Stray Dog

( 3 )

Overview

Despite being considered Akira Kurosawa's first important film, the Stray Dog DVD is unfortunately one of the lesser Criterion releases. The print is presented in its original aspect ratio of 1.33:1, but it is not in good shape. It does show some marks and lines, and the image flickers and fades on occasion. It is still probably made from the best print of the movie that exists, but Criterion has set the bar so high that now consumers expect all their releases to be nearly perfect. The disc's visual deficiencies ...
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DVD (Subtitled / B&W)
$39.99
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Overview

Despite being considered Akira Kurosawa's first important film, the Stray Dog DVD is unfortunately one of the lesser Criterion releases. The print is presented in its original aspect ratio of 1.33:1, but it is not in good shape. It does show some marks and lines, and the image flickers and fades on occasion. It is still probably made from the best print of the movie that exists, but Criterion has set the bar so high that now consumers expect all their releases to be nearly perfect. The disc's visual deficiencies are somewhat compensated by good supplementary features. It has an informative audio commentary by Stephen Prince, the author of The Warrior's Camera: The Cinema of Akira Kurosawa. Another useful supplement is a 30-minute documentary on the making of Stray Dog, a part of the Toho Masterworks series Akira Kurosawa: It's Wonderful to Create. It features interviews with a few of Kurosawa's surviving collaborators on that film: art director Toshiro Muraki, script supervisor Teruyo Nogami, and actors Keiko Awaji and Isao Kimura. The booklet that comes with the DVD includes a nice mini-essay by Terrence Rafferty and an excerpt from Kurosawa's book Something Like an Autobiography in which he reminisces about the filming of Stray Dog.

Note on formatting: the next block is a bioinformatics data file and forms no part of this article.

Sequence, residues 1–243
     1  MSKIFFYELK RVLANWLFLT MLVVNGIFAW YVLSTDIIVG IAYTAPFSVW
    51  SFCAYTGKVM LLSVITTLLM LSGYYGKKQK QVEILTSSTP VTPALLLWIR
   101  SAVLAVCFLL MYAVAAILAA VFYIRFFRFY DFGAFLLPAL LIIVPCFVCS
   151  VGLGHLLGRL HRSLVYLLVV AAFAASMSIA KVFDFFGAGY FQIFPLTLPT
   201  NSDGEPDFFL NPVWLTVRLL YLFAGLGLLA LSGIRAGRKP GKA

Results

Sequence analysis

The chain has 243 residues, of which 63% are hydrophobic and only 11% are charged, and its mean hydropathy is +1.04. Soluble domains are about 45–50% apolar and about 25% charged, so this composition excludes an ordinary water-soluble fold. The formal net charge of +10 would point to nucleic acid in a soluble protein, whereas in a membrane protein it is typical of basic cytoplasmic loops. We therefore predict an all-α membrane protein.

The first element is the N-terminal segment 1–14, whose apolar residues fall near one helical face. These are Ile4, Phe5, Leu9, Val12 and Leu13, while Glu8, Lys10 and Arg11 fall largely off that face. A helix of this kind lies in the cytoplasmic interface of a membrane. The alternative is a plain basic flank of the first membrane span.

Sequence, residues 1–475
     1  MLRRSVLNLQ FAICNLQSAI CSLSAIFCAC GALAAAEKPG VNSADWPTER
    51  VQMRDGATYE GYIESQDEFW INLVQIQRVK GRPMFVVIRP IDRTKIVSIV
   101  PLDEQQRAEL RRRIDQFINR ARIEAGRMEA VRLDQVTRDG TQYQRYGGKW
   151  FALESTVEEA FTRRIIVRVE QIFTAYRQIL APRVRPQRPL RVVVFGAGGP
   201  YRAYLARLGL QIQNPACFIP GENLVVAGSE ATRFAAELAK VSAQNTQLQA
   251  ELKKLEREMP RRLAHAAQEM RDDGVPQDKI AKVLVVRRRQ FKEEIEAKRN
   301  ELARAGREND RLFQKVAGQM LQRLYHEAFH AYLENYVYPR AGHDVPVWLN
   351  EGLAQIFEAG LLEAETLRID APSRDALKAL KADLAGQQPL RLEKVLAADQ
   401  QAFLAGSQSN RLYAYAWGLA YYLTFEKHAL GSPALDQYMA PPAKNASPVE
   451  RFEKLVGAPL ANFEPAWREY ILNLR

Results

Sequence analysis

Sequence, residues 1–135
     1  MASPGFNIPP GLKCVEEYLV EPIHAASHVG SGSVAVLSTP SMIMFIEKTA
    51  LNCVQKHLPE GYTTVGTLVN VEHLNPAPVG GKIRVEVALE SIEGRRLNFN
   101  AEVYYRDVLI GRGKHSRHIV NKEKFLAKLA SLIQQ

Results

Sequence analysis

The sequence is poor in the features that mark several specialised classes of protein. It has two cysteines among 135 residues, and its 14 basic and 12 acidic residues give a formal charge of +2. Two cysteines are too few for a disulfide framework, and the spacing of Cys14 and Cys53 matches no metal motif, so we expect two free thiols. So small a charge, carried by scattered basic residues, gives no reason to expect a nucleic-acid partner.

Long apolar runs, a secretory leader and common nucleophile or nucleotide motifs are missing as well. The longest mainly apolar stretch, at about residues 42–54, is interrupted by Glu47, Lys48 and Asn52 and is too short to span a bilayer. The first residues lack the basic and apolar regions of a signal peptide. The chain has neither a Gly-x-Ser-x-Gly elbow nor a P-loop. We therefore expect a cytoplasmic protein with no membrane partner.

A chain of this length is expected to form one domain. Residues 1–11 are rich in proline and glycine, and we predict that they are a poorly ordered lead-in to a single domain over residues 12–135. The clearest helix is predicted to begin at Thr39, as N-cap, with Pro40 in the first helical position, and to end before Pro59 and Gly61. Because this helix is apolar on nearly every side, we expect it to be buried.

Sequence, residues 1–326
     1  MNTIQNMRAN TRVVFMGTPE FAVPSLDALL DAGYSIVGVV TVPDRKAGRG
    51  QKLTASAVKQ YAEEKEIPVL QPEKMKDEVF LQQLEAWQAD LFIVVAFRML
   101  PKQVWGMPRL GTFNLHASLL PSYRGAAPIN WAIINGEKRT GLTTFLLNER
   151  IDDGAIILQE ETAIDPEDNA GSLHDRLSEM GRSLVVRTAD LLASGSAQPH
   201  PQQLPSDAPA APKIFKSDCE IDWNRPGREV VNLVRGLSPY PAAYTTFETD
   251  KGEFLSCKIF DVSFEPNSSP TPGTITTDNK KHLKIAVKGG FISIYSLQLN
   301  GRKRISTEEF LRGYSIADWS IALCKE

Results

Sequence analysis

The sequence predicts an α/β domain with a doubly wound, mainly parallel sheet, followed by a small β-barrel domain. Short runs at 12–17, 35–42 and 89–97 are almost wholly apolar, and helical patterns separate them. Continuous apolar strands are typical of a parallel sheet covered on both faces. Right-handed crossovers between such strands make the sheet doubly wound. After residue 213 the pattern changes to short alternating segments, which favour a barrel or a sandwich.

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Special Features

New high-definition digital transfer, with restored image and sound; Audio commentary by Stephen Prince, author of "The Warrior's Camera: The Cinema of Akira Kurosawa"; A 32-minute documentary on Stray Dog from the series Akira Kurosawa: It Is Wonderful to Create, including interviews with Kurosawa, production designer Yoshiro Muraki, actress Keiko Awaji, and others; New and improved English subtitle translation; Optimal image quality: RSDL dual-layer edition; 16-page booklet featuring Akira Kurosawa on Stray Dog, from his book "Something Like an Autobiography" and an essay by film critic Terrence Rafferty